Labor Model

The labor model is workforce management's foundation.  The labor model is used for a variety of purposes from the creation of an annual labor budget to being the source of requirements for WFM software . As with any foundation, if it is built poorly, it will not support the structure that sits on it.  Similarly, an ill-defined or poor labor model will not support a robust WFM strategy.

The labor model describes the workforce and the work it performs.  Some key ingredients to a well-defined labor model are:

  • Tasks and Labor Standards.  A labor standard describes the average amount of time it takes the average worker to perform a task.  The labor model documents every task workers perform and its labor standard. 
     
  • Processes.  Processes connect tasks into larger activities that drive productivity.  The labor model illustrates processes your workers perform to define standard operating procedure and as a means to operational improvement.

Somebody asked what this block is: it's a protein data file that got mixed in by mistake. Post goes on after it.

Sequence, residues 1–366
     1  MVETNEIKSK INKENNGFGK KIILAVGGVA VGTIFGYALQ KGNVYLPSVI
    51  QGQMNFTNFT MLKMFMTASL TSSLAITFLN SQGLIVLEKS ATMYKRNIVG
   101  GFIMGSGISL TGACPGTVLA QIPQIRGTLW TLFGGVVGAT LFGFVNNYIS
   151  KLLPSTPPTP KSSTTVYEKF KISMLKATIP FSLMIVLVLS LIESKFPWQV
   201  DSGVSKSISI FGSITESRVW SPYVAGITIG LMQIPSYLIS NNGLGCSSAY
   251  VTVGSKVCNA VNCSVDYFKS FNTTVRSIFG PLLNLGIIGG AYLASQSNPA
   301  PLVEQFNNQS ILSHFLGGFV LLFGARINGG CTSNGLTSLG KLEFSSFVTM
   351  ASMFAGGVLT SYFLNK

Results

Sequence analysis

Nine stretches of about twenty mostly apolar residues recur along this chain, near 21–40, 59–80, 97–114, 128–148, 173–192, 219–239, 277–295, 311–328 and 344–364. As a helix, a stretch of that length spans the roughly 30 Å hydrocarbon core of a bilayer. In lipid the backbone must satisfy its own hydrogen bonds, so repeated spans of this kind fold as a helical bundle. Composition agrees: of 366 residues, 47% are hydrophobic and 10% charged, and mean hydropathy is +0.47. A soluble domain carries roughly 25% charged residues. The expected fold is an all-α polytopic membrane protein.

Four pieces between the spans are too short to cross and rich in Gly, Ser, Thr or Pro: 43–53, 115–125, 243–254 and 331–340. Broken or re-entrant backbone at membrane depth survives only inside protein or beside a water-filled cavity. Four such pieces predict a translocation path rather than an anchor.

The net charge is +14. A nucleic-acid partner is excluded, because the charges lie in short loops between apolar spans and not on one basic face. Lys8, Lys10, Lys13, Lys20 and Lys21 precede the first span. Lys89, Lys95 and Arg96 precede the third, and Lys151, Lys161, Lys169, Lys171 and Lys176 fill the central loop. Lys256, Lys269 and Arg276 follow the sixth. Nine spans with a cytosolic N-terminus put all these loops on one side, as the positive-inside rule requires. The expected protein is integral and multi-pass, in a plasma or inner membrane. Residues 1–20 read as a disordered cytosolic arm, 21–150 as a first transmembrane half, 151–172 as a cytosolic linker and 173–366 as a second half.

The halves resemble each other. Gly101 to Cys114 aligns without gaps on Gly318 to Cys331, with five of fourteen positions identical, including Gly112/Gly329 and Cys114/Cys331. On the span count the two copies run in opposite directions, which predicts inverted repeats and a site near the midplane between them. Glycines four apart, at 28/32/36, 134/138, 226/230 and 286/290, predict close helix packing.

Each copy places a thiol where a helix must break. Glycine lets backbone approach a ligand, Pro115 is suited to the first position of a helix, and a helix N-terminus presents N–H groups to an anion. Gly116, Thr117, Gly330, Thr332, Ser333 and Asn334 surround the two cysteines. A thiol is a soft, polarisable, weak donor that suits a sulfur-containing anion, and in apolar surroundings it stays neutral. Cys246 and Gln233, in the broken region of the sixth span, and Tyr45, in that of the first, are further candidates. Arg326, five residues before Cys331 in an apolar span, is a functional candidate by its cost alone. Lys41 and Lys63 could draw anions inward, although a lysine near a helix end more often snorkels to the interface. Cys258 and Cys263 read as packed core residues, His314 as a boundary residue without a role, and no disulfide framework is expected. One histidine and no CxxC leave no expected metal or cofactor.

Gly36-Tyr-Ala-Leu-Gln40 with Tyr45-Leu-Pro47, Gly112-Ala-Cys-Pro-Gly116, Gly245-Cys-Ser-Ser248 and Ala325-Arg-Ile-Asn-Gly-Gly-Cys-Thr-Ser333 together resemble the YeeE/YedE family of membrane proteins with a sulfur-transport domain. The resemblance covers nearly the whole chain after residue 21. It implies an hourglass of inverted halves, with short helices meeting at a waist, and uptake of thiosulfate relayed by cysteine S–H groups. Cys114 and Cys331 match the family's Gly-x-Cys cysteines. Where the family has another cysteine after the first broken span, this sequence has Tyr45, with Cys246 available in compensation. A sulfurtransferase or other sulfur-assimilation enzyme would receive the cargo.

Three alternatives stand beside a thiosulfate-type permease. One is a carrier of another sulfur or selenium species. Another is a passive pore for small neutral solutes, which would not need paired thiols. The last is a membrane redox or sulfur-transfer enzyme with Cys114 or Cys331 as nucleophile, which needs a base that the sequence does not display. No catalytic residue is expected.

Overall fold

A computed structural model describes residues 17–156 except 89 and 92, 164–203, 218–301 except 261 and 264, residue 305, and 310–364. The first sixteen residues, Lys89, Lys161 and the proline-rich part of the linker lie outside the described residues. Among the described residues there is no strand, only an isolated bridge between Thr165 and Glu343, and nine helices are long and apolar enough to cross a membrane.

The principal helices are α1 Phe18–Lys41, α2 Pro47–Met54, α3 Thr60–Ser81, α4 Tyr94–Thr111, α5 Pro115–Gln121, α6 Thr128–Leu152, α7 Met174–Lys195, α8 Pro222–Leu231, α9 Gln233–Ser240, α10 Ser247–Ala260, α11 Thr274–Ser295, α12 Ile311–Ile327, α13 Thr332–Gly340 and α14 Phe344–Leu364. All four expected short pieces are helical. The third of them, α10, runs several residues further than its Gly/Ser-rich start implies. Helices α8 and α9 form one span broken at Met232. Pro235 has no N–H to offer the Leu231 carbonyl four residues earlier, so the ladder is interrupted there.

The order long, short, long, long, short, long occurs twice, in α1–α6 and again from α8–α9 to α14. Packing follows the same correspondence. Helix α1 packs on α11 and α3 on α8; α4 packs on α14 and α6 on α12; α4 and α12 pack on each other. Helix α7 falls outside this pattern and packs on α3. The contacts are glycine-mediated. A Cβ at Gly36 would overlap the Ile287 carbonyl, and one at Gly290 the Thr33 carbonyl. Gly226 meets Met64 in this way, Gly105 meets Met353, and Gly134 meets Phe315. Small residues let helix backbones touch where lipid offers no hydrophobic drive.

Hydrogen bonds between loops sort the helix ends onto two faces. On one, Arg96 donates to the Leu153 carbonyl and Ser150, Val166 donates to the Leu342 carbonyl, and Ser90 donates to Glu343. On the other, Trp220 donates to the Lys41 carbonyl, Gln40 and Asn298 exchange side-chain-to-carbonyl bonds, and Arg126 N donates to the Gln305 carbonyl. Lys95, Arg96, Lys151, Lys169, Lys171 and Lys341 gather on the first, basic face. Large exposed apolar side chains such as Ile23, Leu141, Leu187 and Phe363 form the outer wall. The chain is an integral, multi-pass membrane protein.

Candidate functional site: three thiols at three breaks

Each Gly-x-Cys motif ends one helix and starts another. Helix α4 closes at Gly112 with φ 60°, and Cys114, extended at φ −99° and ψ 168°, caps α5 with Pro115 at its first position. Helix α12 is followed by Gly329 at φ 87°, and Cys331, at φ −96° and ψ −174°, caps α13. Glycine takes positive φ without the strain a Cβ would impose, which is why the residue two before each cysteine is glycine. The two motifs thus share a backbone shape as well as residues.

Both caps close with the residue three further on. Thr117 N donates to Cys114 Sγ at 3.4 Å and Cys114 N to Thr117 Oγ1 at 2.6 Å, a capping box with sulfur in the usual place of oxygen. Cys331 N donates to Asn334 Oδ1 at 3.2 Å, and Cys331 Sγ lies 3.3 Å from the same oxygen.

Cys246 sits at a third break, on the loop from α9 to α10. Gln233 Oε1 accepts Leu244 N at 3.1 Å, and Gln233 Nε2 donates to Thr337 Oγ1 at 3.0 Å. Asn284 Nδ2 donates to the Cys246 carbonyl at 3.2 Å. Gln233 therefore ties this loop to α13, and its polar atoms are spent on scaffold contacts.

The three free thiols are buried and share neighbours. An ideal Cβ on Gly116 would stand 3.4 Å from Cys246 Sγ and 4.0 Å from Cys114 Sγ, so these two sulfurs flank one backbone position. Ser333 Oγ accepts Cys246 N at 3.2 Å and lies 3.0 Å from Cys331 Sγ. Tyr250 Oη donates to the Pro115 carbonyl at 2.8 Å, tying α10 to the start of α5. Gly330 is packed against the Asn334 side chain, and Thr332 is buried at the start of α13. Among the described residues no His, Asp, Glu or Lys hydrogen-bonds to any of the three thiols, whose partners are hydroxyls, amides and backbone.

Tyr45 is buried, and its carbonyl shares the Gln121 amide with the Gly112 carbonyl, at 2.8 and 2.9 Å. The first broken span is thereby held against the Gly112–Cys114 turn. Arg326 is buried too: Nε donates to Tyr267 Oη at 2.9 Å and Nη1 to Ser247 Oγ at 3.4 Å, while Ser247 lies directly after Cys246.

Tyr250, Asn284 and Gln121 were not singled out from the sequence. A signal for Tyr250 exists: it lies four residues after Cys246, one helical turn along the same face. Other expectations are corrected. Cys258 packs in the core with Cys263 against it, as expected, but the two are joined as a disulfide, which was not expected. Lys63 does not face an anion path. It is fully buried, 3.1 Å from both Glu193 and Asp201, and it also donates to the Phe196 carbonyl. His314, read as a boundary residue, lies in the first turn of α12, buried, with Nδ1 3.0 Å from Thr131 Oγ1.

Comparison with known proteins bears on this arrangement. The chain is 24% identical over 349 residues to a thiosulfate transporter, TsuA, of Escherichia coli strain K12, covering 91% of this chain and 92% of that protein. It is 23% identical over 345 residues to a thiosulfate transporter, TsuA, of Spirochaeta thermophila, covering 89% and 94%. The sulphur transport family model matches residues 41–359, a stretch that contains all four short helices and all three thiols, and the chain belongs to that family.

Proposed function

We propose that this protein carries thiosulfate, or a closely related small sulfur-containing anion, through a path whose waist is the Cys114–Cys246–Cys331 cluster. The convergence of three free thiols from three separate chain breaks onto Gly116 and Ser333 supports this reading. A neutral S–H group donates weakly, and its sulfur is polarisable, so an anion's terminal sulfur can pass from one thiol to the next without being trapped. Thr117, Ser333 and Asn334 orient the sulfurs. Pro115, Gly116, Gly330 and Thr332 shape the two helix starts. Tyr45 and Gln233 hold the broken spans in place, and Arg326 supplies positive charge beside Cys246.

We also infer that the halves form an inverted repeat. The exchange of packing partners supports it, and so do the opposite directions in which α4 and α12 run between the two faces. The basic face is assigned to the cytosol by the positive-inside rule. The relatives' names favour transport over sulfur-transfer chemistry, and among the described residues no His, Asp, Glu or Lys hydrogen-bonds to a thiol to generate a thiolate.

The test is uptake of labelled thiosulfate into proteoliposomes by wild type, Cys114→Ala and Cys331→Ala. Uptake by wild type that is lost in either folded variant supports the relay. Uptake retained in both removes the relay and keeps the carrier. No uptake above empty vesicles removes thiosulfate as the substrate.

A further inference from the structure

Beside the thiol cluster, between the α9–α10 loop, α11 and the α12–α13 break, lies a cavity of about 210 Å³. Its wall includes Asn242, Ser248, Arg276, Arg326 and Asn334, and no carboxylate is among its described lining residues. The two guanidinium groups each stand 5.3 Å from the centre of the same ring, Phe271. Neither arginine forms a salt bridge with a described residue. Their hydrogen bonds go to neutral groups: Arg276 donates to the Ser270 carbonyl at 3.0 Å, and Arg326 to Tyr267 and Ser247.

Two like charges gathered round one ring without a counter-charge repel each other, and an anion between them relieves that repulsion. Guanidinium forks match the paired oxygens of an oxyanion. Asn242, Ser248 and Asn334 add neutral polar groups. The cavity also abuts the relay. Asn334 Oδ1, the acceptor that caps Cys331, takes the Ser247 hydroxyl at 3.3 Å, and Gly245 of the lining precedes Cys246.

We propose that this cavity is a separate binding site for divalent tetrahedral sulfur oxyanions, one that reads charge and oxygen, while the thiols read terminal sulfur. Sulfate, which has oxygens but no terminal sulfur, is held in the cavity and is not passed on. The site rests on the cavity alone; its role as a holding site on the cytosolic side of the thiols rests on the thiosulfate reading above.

• Workplace Attributes.  For multi-location organizations, the attributes of each store, factory, hospital, airport, warehouse, etc., affects what people do and how they do it.  For example, a workplace with a large floor plan requires more cleaning time than one with a small floor plan.  The labor model documents workplace attributes and their impact on work performed at each location.
     
  • Pay Rules.  Most organizations need to manage a myriad of pay rules.  Some are established by government via the Fair Labor Standards Act (FLSA) as well as state wage and hour or meal and rest laws.  Others are a result of corporate policy or collective bargaining agreements.  The labor model synthesizes these sometimes conflicting rules into a logical decision tree so that pay can be applied consistently without errors.
     
  • Metrics.  Workforce management increases the visibility to labor.  The labor model defines the specific key performance indictors that an organization uses to track the workforce across multiple dimensions including productivity, cost, and service level.

Developing a labor model can be intimidating.  The key to developing a labor model is focus. A workforce management strategy will identify what aspects of the labor model require investment in what aspects can be left alone. Learn how Axsium can help measure, maintain, improve and transform your labor model with our Business Services.